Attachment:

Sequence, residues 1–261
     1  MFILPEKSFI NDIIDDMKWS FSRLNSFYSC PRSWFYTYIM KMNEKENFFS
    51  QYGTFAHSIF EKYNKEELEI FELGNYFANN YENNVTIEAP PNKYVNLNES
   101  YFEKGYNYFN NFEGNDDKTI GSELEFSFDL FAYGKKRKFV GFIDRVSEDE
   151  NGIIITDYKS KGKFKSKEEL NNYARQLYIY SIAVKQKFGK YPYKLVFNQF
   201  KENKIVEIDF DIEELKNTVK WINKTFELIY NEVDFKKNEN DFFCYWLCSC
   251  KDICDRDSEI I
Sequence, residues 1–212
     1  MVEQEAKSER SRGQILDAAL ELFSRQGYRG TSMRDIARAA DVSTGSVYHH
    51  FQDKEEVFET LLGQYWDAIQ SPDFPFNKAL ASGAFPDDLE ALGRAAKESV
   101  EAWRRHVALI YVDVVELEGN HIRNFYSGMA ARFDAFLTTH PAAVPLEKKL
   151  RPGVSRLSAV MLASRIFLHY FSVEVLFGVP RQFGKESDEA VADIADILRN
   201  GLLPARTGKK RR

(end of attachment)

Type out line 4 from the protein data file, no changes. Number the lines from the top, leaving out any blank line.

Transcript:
   101  YFEKGYNYFN NFEGNDDKTI GSELEFSFDL FAYGKKRKFV GFIDRVSEDE